Tea time during the storm!

Our commitment to Peace Corps service is one step at a time, each day.  Often this means arranging a meeting with a village leader or business, government or medical worker.  Goodhope is a 3 km walk from campus -  as strange as it seems to Batswana professionals, we do not have a car and do not drive.  Few people walk, but we walk a lot. And always people notice us, as the “makgoga” (Setswana word for white folks, literally “washed up from the sea”)!  

My kitchen in Panama in first PC service had nothing like this.  Come to think of it
I didn't have a kitchen in Panama.  Just four walls and a roof.  Still,
this isn't the Posh Corps.  

This is Phase One of Peace Corps service: community integration.  We have met with the staff at the primary clinic, the hospital, district government offices, agriculture and forestry ministries and the police.  We had a wonderful meeting with Kgosi Lotlameng II who is the traditional leader for Goodhope and all villages 
between here and the South African border (He explained that the border split the Barolong lands in half.  His cousin is the kgosi in Mafikeng, on the other side of the border).  John is engaged in contacting various community persons for participation in the school Job Shadowing program, which we hope to develop this year. Carol was invited to present an in-service talk with medical staff at the Goodhope Primary Hospital on substance abuse (major problem in Botswana and linked to the spread of the HIV/AIDS virus) and treatment options, and has found interest there in beginning a recovery meeting. So there is hope in Goodhope!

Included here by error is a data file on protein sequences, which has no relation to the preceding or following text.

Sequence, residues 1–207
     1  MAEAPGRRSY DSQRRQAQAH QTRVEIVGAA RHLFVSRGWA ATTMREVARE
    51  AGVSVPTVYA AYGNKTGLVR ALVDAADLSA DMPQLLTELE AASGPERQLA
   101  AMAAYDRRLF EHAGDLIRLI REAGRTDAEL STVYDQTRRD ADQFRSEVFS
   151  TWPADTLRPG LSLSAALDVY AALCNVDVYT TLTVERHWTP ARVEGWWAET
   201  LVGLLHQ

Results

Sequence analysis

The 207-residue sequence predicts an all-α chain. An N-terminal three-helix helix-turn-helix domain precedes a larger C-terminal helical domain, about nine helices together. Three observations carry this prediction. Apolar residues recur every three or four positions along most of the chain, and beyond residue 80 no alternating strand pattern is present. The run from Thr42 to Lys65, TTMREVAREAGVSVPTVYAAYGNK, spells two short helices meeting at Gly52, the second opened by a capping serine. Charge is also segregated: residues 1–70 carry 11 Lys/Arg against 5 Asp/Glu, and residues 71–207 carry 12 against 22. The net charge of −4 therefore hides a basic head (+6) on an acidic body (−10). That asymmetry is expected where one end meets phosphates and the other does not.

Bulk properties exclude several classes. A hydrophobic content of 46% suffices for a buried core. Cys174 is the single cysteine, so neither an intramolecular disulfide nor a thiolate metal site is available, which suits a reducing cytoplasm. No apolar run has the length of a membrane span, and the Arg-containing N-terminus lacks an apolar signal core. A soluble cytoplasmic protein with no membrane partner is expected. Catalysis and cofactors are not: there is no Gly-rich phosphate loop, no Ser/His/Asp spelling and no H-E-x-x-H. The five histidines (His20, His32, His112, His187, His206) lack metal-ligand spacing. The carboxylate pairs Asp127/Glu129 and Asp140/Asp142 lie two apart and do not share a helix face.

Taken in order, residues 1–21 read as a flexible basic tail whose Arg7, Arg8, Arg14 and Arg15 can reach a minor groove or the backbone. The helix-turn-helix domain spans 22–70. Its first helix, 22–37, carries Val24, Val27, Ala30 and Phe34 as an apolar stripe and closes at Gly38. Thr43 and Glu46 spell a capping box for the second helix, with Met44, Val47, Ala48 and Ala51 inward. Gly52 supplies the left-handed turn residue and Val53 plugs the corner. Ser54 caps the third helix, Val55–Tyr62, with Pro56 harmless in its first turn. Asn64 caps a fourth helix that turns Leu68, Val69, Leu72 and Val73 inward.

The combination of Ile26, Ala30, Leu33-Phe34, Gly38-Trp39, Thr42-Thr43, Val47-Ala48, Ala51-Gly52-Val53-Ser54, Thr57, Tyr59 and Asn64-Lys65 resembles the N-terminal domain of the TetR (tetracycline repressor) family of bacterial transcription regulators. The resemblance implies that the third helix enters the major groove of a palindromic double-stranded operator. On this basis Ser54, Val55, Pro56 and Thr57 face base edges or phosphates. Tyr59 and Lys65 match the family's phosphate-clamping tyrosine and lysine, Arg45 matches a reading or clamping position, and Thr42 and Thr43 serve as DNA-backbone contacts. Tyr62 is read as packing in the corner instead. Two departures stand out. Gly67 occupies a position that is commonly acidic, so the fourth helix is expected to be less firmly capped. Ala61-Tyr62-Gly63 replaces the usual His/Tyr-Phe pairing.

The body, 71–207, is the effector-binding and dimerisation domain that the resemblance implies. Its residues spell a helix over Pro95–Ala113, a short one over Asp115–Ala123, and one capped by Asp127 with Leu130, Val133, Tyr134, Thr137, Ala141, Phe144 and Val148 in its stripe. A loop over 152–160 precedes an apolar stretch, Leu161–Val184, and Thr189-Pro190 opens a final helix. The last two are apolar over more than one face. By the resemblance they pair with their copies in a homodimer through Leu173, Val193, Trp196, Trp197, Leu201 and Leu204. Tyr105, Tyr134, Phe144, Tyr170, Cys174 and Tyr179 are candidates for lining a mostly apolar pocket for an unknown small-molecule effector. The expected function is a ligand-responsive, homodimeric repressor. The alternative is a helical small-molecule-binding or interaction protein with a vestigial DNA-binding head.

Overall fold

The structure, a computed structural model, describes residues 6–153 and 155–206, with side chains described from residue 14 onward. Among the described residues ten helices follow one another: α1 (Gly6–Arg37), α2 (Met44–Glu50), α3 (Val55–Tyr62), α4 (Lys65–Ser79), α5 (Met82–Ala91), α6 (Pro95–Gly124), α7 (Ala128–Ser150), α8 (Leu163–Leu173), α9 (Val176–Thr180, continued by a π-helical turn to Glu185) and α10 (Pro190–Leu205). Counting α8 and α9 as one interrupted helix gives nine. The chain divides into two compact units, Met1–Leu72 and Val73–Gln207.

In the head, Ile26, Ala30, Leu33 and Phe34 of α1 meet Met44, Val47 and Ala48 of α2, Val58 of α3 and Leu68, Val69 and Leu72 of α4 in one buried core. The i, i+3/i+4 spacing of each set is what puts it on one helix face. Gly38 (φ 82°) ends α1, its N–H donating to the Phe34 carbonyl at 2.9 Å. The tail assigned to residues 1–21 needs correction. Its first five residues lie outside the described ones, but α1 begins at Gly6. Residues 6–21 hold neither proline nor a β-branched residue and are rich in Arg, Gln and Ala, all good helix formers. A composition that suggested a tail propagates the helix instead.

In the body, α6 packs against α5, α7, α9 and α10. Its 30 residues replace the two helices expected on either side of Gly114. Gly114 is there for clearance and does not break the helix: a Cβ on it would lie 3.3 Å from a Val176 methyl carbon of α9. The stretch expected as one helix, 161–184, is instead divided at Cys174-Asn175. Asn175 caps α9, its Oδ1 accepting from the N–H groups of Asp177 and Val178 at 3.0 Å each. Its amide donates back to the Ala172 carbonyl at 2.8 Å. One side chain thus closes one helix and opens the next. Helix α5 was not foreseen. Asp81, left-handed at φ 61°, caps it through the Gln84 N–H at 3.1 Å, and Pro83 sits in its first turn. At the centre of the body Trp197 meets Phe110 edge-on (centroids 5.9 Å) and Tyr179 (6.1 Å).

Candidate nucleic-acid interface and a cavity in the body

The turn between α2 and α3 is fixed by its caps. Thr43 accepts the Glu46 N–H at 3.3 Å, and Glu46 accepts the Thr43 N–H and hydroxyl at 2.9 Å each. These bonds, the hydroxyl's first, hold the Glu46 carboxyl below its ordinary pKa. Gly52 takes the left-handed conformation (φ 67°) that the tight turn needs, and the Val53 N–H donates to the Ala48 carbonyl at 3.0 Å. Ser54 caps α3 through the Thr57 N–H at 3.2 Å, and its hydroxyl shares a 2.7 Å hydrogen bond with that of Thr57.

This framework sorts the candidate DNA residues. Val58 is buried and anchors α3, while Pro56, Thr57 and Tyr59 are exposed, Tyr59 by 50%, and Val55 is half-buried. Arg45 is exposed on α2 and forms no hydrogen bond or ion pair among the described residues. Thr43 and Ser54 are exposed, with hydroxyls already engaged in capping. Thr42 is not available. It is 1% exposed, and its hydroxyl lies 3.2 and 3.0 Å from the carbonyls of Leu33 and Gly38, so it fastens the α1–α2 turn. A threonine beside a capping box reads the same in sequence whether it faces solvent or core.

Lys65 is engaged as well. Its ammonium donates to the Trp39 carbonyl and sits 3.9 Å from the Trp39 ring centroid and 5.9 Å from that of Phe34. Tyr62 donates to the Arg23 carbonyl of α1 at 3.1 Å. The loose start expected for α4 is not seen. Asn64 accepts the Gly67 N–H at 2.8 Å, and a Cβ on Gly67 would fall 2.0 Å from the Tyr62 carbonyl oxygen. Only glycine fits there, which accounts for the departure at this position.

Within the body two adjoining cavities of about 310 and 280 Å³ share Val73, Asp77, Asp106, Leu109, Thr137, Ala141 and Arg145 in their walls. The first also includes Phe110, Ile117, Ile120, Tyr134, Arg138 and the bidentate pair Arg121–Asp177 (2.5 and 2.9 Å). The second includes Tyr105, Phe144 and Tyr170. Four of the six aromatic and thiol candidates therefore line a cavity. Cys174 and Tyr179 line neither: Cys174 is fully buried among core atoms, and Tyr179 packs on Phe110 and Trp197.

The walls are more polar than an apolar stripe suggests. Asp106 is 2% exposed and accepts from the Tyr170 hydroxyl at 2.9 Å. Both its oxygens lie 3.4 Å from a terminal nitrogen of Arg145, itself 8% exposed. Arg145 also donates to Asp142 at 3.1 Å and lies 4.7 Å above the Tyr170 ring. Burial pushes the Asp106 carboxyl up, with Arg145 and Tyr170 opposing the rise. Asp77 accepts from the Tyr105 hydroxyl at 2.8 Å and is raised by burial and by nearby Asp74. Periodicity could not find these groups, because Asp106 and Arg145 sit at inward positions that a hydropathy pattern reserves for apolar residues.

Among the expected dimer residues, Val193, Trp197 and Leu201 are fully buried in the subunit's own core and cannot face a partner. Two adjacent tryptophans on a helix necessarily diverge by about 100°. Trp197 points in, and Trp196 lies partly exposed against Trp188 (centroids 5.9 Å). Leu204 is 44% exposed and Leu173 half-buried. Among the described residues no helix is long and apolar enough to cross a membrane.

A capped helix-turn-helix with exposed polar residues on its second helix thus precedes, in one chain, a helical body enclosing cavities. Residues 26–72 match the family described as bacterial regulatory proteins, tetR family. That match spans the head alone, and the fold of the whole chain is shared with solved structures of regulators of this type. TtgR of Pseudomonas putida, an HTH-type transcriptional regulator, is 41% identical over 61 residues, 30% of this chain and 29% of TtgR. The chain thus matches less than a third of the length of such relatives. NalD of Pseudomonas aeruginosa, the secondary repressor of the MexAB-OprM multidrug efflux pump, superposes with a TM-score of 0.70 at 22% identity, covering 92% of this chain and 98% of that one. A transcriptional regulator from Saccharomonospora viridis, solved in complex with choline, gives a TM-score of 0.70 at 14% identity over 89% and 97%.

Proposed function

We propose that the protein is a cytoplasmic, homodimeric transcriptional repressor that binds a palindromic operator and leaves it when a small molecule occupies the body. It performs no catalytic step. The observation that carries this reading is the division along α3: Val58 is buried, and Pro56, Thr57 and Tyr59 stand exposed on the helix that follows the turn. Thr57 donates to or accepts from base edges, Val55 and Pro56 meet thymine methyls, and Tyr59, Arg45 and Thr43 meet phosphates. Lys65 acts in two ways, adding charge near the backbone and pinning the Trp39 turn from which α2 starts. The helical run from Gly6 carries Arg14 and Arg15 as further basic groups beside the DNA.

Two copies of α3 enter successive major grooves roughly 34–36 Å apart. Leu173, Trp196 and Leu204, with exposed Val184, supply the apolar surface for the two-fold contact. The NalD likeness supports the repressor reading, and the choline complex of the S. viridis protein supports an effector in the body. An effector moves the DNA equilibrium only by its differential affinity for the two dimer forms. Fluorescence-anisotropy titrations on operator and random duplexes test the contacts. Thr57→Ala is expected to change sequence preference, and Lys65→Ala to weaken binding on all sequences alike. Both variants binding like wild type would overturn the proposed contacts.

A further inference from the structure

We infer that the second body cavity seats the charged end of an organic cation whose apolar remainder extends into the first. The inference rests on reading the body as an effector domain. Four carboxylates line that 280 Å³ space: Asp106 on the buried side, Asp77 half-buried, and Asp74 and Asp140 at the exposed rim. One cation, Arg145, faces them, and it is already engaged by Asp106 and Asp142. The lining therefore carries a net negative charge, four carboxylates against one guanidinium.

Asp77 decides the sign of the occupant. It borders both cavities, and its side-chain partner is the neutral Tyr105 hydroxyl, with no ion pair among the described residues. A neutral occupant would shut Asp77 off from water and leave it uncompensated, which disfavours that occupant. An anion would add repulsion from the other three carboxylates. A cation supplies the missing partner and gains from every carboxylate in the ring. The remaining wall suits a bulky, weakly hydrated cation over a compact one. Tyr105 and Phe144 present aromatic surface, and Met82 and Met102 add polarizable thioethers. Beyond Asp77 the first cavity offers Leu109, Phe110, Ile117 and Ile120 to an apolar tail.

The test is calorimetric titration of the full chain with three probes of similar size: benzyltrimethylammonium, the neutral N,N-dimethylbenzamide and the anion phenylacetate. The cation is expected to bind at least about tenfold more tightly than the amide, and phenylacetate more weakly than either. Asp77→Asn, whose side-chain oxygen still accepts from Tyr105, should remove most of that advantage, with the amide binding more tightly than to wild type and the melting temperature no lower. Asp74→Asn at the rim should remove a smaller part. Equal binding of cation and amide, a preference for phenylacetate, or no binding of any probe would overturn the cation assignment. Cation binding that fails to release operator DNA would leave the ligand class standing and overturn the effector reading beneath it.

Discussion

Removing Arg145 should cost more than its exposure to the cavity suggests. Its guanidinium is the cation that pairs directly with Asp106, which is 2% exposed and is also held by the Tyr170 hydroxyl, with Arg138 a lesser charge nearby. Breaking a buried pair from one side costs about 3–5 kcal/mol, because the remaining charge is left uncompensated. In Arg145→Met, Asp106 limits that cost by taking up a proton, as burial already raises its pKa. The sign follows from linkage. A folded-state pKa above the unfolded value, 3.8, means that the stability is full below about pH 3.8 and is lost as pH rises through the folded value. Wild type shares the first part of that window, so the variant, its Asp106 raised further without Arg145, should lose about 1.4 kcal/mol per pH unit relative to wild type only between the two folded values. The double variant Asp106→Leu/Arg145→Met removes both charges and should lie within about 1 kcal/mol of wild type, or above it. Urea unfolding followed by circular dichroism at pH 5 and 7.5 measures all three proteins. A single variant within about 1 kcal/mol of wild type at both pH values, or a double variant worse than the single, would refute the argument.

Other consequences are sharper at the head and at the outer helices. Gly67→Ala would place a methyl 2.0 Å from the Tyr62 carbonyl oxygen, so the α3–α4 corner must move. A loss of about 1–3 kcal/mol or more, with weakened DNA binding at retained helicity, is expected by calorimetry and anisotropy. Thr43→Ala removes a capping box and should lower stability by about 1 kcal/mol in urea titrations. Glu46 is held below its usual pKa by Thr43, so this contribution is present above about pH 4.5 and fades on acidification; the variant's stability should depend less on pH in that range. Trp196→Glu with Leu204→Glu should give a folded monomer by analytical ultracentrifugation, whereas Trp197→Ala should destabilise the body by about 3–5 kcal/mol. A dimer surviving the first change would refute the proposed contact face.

At our dining room table, sewing
table, game table, all-purpose and only
table,  beginning my quilt project.

The two weeks that school was in session before winter break gave us an idea of what is to come.  We spent those days getting up early to be at morning assembly at 7:10 a.m. We met with teachers and students, individually and in groups.  With the help of several students, we cleaned out a big room that will serve as the Life Skills and Career Counseling Center and may also be the headquarters of the Goodhope Bridge Club.